Given the avalanche of books, literature, and blog articles that have been produced on the subject of “networking” over the past decade, it can be tough to find something new to contribute to the discussion, at times! By now, most professionals (especially those in transition) have heard the same key networking themes dogmatically repeated dozens, if not hundreds, of times during their search:
1) 60-80% of all jobs come through the “hidden” job market of networking and personal contacts;
2) Social networking websites (e.g. Facebook, Biznik, LinkedIn) are now indispensable tools in the networking arsenal; and
3) Your networking shouldn’t be 100% one-sided; you should practice a “give to get” philosophy for best results
It’s around the third point above, however, that I wanted to add a few thoughts that I haven’t seen talked about much in the networking literature to date. As an avid fan of history, and sociology, I’m always on the lookout (to a fault, probably) for connections between supposedly “new” job hunting principles and other aspects of civilization that have been around for hundreds or thousands of years. To me, finding these connections is not just fun, but helps me get a better grasp on why certain principles work, how long they’ve worked, and how best to explain them to other people who may not be as familiar with them on a day-to-day basis.
So on that note, let’s talk for a second about the idea that we can all get more of what we want out of life by focusing on giving things to others, versus getting things ourselves. Frankly, I think most of us would agree that this notion makes sense. Nobody likes being used, after all, and I’m sure all of us have had the experience of having been asked for a big favor by somebody who then disappears without a word of thanks, a thoughtful follow-up note, or a single gesture of reciprocity. When this happens, too, I’m sure we all tend to kick ourselves and promise that we’ll never lift a finger to help the ingrate in question again, right? I mean, I don’t know about you, but I certainly have a “mental blacklist” (thankfully a very short one!) of people from the past to whom I gave, and gave, and gave, and didn’t ever really seem to “get back” from. So to avoid becoming one of these people, myself, I consciously focus on trying to help other people and reciprocate as much as possible, knowing that these efforts are mostly likely to keep the door open for future favors.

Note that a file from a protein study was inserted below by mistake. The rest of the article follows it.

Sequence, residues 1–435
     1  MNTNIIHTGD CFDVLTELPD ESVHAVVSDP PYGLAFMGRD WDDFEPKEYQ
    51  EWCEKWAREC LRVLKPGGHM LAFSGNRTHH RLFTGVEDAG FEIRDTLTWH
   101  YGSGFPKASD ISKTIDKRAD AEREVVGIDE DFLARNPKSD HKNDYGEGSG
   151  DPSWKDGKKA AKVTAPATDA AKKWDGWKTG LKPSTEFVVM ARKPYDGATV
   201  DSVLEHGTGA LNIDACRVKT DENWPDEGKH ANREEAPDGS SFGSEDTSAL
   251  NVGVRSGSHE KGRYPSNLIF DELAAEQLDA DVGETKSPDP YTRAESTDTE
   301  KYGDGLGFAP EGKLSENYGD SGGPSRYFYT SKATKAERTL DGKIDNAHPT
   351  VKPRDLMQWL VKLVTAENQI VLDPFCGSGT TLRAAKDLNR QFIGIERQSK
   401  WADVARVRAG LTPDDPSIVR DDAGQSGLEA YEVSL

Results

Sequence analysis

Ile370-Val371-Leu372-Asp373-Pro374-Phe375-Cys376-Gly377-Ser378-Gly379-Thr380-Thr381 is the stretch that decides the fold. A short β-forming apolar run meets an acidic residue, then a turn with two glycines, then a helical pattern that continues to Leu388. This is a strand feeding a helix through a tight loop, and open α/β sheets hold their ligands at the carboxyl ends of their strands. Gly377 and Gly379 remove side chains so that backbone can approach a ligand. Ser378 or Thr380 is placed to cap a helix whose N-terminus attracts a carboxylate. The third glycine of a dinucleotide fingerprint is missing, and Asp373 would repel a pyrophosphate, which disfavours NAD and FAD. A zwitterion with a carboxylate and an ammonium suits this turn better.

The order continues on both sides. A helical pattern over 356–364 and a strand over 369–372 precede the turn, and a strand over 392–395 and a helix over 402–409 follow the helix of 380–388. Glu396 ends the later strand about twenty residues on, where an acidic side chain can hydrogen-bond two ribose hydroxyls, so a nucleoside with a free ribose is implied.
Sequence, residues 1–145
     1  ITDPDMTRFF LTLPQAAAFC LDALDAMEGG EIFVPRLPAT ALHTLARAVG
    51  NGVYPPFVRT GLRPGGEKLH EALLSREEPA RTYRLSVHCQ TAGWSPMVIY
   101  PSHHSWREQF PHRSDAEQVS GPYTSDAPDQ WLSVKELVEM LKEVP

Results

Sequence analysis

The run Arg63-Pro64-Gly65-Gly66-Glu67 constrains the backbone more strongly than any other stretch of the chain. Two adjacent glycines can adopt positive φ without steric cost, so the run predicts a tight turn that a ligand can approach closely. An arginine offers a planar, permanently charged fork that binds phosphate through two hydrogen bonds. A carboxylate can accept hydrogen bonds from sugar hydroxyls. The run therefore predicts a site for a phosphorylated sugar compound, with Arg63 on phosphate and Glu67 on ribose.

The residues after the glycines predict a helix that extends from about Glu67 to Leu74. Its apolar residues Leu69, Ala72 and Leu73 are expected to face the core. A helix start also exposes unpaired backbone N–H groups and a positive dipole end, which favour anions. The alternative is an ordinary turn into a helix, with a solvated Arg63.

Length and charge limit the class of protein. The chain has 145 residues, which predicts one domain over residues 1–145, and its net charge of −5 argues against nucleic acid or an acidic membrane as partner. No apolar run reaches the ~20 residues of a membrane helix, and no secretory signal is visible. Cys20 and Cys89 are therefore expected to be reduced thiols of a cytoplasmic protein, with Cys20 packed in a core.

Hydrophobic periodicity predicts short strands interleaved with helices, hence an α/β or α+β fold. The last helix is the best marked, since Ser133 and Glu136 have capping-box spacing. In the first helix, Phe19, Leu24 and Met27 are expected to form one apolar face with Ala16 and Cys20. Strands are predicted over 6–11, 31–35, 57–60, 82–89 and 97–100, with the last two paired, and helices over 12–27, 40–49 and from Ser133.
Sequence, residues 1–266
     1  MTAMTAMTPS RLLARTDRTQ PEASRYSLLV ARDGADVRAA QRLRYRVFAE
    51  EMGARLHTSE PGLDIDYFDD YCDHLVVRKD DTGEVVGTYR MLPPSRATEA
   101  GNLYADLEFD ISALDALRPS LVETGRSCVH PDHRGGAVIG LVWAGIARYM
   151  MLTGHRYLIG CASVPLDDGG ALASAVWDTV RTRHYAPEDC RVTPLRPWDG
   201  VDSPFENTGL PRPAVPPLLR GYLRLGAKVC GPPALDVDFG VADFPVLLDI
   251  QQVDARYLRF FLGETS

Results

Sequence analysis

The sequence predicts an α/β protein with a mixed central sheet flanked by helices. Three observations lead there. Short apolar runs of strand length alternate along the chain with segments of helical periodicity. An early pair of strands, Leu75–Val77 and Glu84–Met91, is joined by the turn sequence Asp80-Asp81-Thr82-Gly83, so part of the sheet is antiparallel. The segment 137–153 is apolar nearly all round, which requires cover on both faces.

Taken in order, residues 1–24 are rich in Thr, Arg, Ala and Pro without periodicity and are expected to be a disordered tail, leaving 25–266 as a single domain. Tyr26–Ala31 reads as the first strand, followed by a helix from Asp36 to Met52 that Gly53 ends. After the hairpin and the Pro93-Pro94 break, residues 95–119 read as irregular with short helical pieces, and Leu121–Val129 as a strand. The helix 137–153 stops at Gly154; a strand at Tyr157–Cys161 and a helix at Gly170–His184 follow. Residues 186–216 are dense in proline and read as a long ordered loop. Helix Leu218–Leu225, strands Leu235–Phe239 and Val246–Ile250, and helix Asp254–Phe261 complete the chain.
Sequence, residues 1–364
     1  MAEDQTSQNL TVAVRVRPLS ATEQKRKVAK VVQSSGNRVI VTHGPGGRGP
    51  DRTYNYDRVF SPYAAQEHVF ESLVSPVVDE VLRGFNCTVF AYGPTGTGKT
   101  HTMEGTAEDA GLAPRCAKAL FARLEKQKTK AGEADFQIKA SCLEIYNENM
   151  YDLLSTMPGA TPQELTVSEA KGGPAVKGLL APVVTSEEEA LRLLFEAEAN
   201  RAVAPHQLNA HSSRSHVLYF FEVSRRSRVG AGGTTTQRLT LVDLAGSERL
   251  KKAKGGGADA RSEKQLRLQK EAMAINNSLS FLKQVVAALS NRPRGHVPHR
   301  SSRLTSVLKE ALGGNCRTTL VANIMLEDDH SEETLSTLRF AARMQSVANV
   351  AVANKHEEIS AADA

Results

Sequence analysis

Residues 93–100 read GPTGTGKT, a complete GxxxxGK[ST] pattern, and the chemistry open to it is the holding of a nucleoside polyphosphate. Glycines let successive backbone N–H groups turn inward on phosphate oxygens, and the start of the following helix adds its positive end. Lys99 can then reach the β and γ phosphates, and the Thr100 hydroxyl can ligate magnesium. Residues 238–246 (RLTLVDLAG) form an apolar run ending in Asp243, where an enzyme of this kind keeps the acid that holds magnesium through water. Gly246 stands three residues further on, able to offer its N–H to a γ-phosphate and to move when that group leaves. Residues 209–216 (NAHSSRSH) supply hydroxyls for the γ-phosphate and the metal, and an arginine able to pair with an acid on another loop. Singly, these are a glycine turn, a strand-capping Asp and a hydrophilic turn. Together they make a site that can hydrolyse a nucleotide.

As for the origins of this whole two-way networking notion, one could certainly argue that Dale Carnegie was the first person who brought the “give to get” concept to the masses in his 1936 classic “How to Win Friends and Influence People.” Since then, numerous authors have slapped their own spin on the same concept and re-branded it. For example, there are variations on the theme found in both Norman Vincent Peale’s “The Power of Positive Thinking” as well as Stephen Covey’s “7 Habits of Highly Effective People” books. You’ll also find a metaphysical twist on the principle running throughout all of the “Law of Attraction” titles that have come out in recent years. Every few decades, like clockwork, somebody seems to resuscitate this pearl of interpersonal wisdom, package it for the next generation, and sell a few million dollars’ worth of books and self-help videos.
My belief, however, is that there’s a community out there that’s got even Mr. Carnegie beat in terms of espousing the “give to get” concept in an organized way. Who might that be? Growing up in Juneau, Alaska, we spent a fair amount of time in school studying the history of the local Native tribes, and I remember being taught that these communities routinely held a special type of party called a “potlatch” where the hosts would (among other rites) make a point of giving away lavish gifts to all of their guests, almost to the point of impoverishment. The more valuable the gifts given, the greater the esteem and respect would be accorded to the hosts. To cite the relevant Wikipedia entry on the subject, in a Potlatch culture “the status of any given family is raised not by who has the most resources, but by who distributes the most resources.”
So when it comes to the idea that giving freely to other people is the best route to achieving success, both among one’s network and among the community at large, I think the Pacific Northwest tribes get the prize for fleshing this idea out first in formalized fashion. In fact, I’ll confess that whenever I hear the “give to get” guideline cited by various networking experts out there, I automatically translate the concept into “The Potlatch Principle” in my head, since this label helps me both understand it, as well as remember and practice it in my own business ventures.
Pretty esoteric stuff, I realize, and I wouldn’t be surprised a bit if some of you immediately start forwarding me some literature proving that the ancient Greeks, Egyptians, or some other ancient civilization was routinely preaching/practicing the two-way networking schtick even earlier! As I mentioned, though, it’s hard to find anything terribly original to add to the sea of networking advice out there, so I thought I’d dust off my keyboard today and give it my best shot… :)